The Original Gideonites List of the First Teachers who Traveled to Port Royal South Carolina from New York March 2, 1862
The First Teachers Boston Rev. Mr. Solomon E. Peck (already at Port Royal) Mr. Rich (already at Port Royal) Mr. Boyton (already at Port Royal) Fred A. Eustis (heir to plantation on Ladies Island) Harriet Ware (2) Edward W. Hooper (1) Edward S. Philbrick (4) William Channing Gannett (3) Geo. H. Blake Dr. A. J. Wakefield Jas. F. Sisson Issac W. Cole J. W. R. Hill Jas. H. Palmer D. F. Thorpe David Mack T. Edwin Ruggies (5) J. M. F. Howard Francis Everett Barnard (6) Dr. Jas. Waldock Richard Soule, Jr. (7) Leonard Wesson Dr. C. H. Brown James E. Taylor Daniel Bowe Wm. S. Clarke Samuel D. Phillips (8) Jules L. DeCroix (not on Walker's list below) Geo. M. Wells (not on Walker's List below) Mrs. Elizabeth B. Hale Miss Mena Hale Miss Ellen H. Winsor (Nellie) (9) Miss M. A. Waldeck
Washington and Philadelphia: Miss Susan Walker (10) Mrs. Walter R Johnson Miss Mary Donaldson
New York: N. R. Johnson Geo B. Peck Harvey Hyde (not on list below) John L. Lathrop Robert N. Smith F. H. Cowdeny Albert Norton (not on list below) Geo. C. Fox Jas. D. Strong (not on list below) John H Brown Albert Belamy Mrs. M. O. Quolff (not on list below) Mrs. Mary Nicholson Miss Doxy (not on list below) I. W. Brinkerhoff (11) Theodore Holt (12) (not on list below) Edmund Price D. F. Cooper J. W. Macomber (not on list below) J. P. Greves J. T. Ashley Jas Hoy (not on list below) David Fitch (not on list below) Lyman Knowlton Miss Hannah Curtis Miss M. Albright (not on list below) Mrs. Ann Eliza Peck Harlan Miss R. Patton (not on list below)
Susan Walker's List (Attached to her Journal) COPY OF LIST OF NAMES OF ALL PERSONS, APPROVED BY MR. PIERCE, WHO WENT DOWN TO PORT ROYAL IN THE ATLANTIC, LEAVING NEW YORK MARCH 3D .
1. Edward W. Hooper "Educational commission." Not on top list 2. Edward S. Philbrick 3. William C. Gannett 4. George H. Blake 5. John C. Zachos (13) Not on top list 6. Dr. A. Judson Wakefield 7. James F. Sisson 8. Isaac W. Cole 9. James W. R. Hill 10. James H. Palmer 11. David F. Thorpe 12. David Mack 13. T. Edwin Ruggles 14. James M. F. Howard " Educational commission." Not on top list 15. Francis E. Barnard " " 16. Dr. James Waldock 17. Richard Soule, Sr " " 18. Leonard Wesson 19. Dr. Charles H. Brown " " 20. William E. Park Not on top list 21. James E. Taylor " " 22. Frederick A. Eustis " 23. Daniel Bowe " " 24. William S. Clark different spelling last name 25. Samuel D. Phillips 26. Revd Mansfield French N. Y. Society. Not on top list 27. Nathan R. Johnson " " 28. Revd Isaac W. Brinkerhoff " 29. George B. Peck " " 30. Edmund Price " " 31. John D. Lathrop " " middle initials different 32. Drury F. Cooper " " 33. Robert N. Smith " 34. Henry A. Cowderry different spelling from above 35. Dr. James P. Greves " " 36. John T.Ashley " 37. George C. Fox " " 38. John H. Brown. " 39. Lyman Knowlton " " 40. Albert Bellamy " 41. Ninian Niven " Not on top list 42. Mrs. Elizabeth B. Hale Boston Society. 43. Miss Mena Hale " 44. Miss Mary Waldock " different spelling from above 45. Miss Ellen H. Winsor " 46. Miss Hannah Curtis N. Y. Society. 47. Miss Mary Nicholson " " 48. Mrs. James (Ann Eliza) Harlan " 49. Mrs. A. M. French " Not on top list 50. Miss Ellen H. Peck " Not on top list 51. Miss Susan Walker Secy Chase. 52. Mrs. Walter R. Johnson " 53. Miss Mary A. Donaldson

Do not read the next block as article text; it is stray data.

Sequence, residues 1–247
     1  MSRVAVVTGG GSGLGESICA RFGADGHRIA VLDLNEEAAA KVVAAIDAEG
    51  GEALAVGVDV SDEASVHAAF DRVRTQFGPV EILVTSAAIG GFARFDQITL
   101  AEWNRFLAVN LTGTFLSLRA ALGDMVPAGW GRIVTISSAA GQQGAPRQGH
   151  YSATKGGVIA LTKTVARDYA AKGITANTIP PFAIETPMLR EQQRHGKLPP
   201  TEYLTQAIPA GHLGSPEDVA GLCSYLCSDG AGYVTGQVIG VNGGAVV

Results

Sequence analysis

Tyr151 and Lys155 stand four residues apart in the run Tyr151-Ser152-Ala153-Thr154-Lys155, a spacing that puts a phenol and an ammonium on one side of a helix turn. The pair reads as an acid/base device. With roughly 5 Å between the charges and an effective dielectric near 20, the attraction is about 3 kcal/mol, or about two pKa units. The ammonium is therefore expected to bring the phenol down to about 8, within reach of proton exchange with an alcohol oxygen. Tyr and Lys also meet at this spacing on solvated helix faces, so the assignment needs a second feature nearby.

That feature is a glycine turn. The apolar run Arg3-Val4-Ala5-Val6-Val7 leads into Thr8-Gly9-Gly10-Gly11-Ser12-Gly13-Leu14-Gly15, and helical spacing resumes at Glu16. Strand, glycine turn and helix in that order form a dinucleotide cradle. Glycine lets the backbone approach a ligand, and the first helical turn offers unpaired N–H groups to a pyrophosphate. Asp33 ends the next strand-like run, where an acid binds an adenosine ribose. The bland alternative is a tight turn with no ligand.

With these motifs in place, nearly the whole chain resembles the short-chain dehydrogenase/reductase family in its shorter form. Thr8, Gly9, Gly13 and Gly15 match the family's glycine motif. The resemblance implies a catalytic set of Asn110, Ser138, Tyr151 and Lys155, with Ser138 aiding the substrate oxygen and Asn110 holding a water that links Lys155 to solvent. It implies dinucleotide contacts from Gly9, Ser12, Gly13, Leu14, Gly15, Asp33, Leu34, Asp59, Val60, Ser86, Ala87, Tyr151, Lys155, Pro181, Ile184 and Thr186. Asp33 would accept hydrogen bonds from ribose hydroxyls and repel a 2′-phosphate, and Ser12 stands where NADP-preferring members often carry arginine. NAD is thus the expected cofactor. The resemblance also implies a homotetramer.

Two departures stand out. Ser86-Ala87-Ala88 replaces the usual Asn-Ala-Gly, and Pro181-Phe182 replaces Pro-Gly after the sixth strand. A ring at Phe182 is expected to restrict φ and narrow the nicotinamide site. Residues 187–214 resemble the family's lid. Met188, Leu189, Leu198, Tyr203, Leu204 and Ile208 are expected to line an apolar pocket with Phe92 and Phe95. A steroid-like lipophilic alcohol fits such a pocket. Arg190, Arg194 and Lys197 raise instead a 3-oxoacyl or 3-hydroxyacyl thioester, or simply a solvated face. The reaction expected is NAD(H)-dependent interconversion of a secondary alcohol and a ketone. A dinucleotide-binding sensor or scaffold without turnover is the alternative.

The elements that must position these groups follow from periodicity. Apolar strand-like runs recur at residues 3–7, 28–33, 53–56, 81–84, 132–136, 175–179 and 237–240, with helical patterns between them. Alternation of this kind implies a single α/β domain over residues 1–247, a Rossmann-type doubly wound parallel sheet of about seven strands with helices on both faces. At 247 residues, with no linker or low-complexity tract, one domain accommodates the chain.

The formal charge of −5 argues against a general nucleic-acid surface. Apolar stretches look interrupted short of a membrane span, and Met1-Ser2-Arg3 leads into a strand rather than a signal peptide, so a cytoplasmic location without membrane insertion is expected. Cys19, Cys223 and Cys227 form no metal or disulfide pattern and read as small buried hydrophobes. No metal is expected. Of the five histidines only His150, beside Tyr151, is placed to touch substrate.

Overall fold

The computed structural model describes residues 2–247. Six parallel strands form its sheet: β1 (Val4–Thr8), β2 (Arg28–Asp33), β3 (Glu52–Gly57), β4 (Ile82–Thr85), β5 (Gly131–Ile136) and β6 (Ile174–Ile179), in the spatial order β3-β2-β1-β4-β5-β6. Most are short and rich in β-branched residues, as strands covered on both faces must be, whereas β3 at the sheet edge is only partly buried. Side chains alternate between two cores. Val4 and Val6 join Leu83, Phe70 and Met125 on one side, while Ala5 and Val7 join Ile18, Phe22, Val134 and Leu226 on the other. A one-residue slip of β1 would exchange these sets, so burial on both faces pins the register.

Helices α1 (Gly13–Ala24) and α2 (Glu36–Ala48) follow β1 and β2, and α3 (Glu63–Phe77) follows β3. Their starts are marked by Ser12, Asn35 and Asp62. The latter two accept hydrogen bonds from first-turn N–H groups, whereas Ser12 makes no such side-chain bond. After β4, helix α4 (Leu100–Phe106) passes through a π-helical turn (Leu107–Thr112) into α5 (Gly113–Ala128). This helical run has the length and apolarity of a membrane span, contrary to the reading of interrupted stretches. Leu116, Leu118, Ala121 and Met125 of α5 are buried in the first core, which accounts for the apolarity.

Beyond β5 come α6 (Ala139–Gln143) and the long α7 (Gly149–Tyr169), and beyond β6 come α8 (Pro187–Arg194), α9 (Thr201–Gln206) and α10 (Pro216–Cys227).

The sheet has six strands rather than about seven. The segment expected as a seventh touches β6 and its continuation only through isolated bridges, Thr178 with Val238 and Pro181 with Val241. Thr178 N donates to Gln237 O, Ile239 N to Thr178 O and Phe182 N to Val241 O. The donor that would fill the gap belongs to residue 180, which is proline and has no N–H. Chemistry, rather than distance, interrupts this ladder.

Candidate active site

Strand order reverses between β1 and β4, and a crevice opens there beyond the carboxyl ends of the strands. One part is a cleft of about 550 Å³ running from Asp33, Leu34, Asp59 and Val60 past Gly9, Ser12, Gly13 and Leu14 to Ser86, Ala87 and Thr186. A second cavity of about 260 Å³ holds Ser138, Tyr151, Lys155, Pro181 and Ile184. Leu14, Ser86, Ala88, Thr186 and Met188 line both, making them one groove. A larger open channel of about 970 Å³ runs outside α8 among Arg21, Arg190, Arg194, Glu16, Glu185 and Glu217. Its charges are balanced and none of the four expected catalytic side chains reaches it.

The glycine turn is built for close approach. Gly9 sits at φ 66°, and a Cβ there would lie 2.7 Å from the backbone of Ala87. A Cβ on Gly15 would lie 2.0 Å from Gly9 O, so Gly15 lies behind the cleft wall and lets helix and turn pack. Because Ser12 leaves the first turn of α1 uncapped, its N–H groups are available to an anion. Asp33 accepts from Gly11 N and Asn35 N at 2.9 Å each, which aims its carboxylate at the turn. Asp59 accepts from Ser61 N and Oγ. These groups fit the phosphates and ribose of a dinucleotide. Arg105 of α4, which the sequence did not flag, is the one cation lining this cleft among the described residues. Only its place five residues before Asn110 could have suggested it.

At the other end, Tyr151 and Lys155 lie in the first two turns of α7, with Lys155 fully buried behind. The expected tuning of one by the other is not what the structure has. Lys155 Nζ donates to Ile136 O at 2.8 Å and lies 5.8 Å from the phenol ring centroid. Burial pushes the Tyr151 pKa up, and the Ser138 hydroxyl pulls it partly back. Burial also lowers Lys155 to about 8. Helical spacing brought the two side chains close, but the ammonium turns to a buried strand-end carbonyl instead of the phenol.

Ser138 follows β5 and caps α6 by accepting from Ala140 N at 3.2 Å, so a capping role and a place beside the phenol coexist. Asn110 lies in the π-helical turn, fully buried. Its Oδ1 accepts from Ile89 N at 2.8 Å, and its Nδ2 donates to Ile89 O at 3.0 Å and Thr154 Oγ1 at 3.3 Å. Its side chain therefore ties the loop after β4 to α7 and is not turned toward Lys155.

(1) Edward W. Hooper was a Harvard lawyer who would serve as personal aide and secretary to Edward L. Pierce then become a captain on the staff of General Saxton. Later he would go back to Harvard and become its treasurer.
(2) Harriet Ware - Not sure why she is on the top list, not on the second. Willie Lee Rose in Rehearsal for Reconstruction lists Harriet War as coming in April on the Orient with Philbrick's wife. Harriet Ware letters would be included in Letters from Port Royal edited by Elizabeth Ware Pearson.
(3) William Channing Gannett was twenty-one and another graduate of Harvard (Phi Beta Kappa) He was the son of one of New Englands foremost Unitarian ministers?? He would stay until 1865. He would become a prominent Unitarian clergyman and a leader of the Social gospel movement.